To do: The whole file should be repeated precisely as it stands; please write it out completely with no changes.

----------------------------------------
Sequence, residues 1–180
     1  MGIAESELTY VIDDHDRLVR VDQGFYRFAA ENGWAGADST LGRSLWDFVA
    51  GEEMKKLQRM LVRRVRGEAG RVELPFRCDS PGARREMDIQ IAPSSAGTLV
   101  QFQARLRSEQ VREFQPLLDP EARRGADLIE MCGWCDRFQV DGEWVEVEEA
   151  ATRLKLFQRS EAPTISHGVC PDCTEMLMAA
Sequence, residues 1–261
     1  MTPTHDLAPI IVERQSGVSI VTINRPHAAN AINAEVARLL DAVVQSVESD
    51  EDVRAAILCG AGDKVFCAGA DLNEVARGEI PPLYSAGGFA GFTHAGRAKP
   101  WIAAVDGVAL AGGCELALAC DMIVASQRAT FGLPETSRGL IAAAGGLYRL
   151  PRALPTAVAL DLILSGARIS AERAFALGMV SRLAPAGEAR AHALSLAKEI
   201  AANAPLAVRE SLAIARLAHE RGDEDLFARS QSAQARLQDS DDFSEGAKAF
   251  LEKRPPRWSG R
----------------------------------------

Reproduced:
Sequence, residues 1–180
     1  MGIAESELTY VIDDHDRLVR VDQGFYRFAA ENGWAGADST LGRSLWDFVA
    51  GEEMKKLQRM LVRRVRGEAG RVELPFRCDS PGARREMDIQ IAPSSAGTLV
   101  QFQARLRSEQ VREFQPLLDP EARRGADLIE MCGWCDRFQV DGEWVEVEEA
   151  ATRLKLFQRS EAPTISHGVC PDCTEMLMAA
Sequence, residues 1–261
     1  MTPTHDLAPI IVERQSGVSI VTINRPHAAN AINAEVARLL DAVVQSVESD
    51  EDVRAAILCG AGDKVFCAGA DLNEVARGEI PPLYSAGGFA GFTHAGRAKP
   101  WIAAVDGVAL AGGCELALAC DMIVASQRAT FGLPETSRGL IAAAGGLYRL
   151  PRALPTAVAL DLILSGARIS AERAFALGMV SRLAPAGEAR AHALSLAKEI
   201  AANAPLAVRE SLAIARLAHE RGDEDLFARS QSAQARLQDS DDFSEGAKAF
   251  LEKRPPRWSG R